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Another Driving Route: Auto Leasing


We all remember our first car.

It may have been a clunker that barely ran or a gleaming testament to teen-age ingenuity.

But it was ours.

Today, when people dream about new wheels they need to decide if they want to actually own the car.

Auto leasing, once available only to businesses or affluent consumers seeking luxury cars, has more than doubled in the last 10 years and now includes all types of vehicles and consumers in all income groups.

Statistics compiled by CNW Marketing Research, an Oregon auto research company, show that leases accounted for a record 23% of the 5.8 million new passenger cars American consumers drove home last year. CNW projects that leases will account for 24.3% of car acquisitions this year and almost 40% by 1998.

New car depreciation is one reason for leasing. "Do you really want to spend $20,000 so you can have an $8,000 car at the end? From an economic side, it makes no sense to put your money into a depreciating asset," says Art Spinella of CNW.

But probably the primary reason for the increased popularity of leasing is affordability. The price of cars has risen beyond what many people want to spend and by leasing consumers can drive a more valuable car than they could afford to buy.

"People are trying to keep their automotive budget within certain guidelines," says Spinella. "A second reason is that there are so many other disposable-income choices. The auto industry's competitor isn't necessarily another auto maker. It's Chevy vs. Sony vs. mutual funds."

The lure of leasing is a low monthly payment based on the difference between the price of the new vehicle and its expected value at the end of the lease. In other words, customers pay only for what they use.

Experts agree the cheapest way to keep a car is to buy it and run it as long as you can. But leasing might be a good option for consumers who drive fewer than 15,000 miles annually and trade in cars every three to four years.

There's also convenience. Some people don't like dealing with the maintenance woes of older vehicles. Others don't like the hassle of selling a used car or negotiating a trade-in, says Bill McGuire, assistant editor of Consumer Reports, published by Consumers Union.

The obvious disadvantage to leasing is an empty driveway at the end of the contract.

Although most contracts let consumers buy the car at the end of the lease, most experts say the way to get the primary benefits of leasing is to turn the car in and lease a new one. That means never-ending car payments, a way of life that makes some people uncomfortable.

Negotiating a lease contract is not as straightforward as buying a car. Should you decide leasing is the way to go, there are some rules to follow and pitfalls to avoid:

* There are two types of lease agreements: closed-ended and open-ended. In the first, the consumer returns the vehicle at contract's end and walks away. Except for specified charges such as excessive mileage or wear, the consumer is not responsible for the returned car's value.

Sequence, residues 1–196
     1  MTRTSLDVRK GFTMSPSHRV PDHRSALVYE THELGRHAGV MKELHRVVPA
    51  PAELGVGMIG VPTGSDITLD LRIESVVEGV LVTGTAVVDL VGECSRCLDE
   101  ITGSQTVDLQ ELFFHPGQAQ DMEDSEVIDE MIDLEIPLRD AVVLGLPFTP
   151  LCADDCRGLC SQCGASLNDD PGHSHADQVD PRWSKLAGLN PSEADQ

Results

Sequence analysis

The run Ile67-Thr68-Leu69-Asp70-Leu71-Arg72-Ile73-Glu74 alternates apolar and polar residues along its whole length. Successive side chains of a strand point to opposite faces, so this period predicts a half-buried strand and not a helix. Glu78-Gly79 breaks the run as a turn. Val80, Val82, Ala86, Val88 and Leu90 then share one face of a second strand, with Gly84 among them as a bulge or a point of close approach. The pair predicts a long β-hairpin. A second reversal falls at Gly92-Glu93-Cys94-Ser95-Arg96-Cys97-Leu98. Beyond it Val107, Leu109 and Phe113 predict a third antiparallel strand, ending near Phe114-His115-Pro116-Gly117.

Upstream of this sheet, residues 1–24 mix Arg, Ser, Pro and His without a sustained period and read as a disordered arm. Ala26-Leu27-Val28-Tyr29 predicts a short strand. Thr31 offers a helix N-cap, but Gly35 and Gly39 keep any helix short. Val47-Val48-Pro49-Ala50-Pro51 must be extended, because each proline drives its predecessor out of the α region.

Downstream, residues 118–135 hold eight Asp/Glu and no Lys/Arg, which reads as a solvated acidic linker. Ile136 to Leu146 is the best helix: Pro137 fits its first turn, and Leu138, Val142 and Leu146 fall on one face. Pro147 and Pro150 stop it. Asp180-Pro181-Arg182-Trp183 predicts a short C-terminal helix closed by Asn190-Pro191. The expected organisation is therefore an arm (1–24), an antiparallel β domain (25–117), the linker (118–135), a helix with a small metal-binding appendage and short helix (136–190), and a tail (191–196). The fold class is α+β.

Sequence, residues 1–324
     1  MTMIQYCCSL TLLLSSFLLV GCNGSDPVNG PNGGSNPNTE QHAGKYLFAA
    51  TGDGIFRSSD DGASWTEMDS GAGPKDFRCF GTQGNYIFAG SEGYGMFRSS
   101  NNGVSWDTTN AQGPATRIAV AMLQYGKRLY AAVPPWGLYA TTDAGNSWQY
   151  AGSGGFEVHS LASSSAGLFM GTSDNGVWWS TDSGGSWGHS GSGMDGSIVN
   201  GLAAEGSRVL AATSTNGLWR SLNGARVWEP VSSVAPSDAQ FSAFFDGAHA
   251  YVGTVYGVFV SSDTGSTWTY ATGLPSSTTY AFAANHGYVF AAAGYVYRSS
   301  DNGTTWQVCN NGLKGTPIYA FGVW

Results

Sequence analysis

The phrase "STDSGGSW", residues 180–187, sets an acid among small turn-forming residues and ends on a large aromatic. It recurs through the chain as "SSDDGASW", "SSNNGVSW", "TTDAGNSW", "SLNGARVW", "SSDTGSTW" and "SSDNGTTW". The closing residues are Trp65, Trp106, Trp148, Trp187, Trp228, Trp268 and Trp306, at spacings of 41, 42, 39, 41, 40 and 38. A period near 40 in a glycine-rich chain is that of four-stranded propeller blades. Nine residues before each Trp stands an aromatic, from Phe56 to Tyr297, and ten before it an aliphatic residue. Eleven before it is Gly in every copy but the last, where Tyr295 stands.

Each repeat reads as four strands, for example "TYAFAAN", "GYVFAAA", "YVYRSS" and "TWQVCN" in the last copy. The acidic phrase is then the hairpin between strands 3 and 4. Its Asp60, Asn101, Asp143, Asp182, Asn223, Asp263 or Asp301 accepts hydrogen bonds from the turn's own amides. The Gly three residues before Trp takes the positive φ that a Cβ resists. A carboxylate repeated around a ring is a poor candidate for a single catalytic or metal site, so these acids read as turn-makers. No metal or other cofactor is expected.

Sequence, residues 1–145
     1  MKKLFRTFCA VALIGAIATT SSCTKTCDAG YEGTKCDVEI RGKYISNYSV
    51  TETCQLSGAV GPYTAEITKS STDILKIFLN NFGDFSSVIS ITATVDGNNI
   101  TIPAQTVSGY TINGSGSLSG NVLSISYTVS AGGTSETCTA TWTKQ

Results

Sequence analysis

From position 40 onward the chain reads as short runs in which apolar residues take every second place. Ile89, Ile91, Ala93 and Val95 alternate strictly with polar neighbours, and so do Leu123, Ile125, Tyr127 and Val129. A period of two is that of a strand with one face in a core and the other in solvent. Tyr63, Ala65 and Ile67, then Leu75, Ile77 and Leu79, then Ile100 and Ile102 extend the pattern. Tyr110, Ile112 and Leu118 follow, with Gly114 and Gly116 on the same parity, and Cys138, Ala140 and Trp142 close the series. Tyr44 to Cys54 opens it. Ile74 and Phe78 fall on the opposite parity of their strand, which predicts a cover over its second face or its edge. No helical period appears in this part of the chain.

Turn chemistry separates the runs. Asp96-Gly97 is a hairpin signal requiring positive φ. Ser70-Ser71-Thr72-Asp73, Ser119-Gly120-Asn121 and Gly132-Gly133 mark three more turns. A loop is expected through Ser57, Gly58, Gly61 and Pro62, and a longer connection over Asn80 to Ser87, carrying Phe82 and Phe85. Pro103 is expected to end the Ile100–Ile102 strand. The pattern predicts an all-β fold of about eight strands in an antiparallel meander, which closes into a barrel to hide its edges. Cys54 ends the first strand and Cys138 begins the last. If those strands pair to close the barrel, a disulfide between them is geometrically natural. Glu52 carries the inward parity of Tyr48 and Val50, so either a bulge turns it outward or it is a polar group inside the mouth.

Consumers should avoid open-ended leases, in which the consumer is responsible if the car depreciates more than expected. If the returned car is worth less than specified in the contract--a value based on the dealer's appraisal at the time of the deal--the consumer suffers the difference in an "end-of-lease payment."

* Shop for a lease with as much determination as when buying a car. "You have to look at all the numbers in a lease, not just the monthly payment," says McGuire of Consumer Reports.

He recommends getting at least three quotes on a lease. Talk the cost of the car down as low as possible, as you would when buying a car. And dicker on the lease rate; often manufacturers will write it down to almost nothing.

* One of the primary benefits of leasing is that the initial cash outlay is less than when buying. Although there are upfront costs--usually a security deposit, first and last periodic payments, sales taxes, title fees, license fees and insurance--the total should be much less than a down payment.

Don't be lured into contracts that offer rock-bottom monthly payments. Those terms are only available with a a hefty upfront charge.

* If a leased car is stolen or destroyed, the lease is terminated early. Standard auto insurance covers the vehicle's market value, but everything else--the remaining payments or a termination fee--is your responsibility.

So-called "gap insurance" makes up the difference; some dealers charge for it, others don't. "It's a good idea to have but only for a low-to-nothing cost," McGuire says.

* Watch for contract terms that could cost you at the end of the lease. Many contracts are vague about what is considered excessive wear and tear and "you could be handed a bill for several thousand dollars," McGuire says. The lease should be specific.

Some dealers also require consumers to pay a disposition charge--the cost of preparing the vehicle for sale.

Other costs include mileage fees, end-of-lease payments and default penalties.

* Remember, the dealer has no obligation to sell you the car at the end of the lease unless the contract has a purchase option. Depending on the residual value of the car--its worth at the end of the lease if you turn it in--you might want to consider buying it and selling it yourself.

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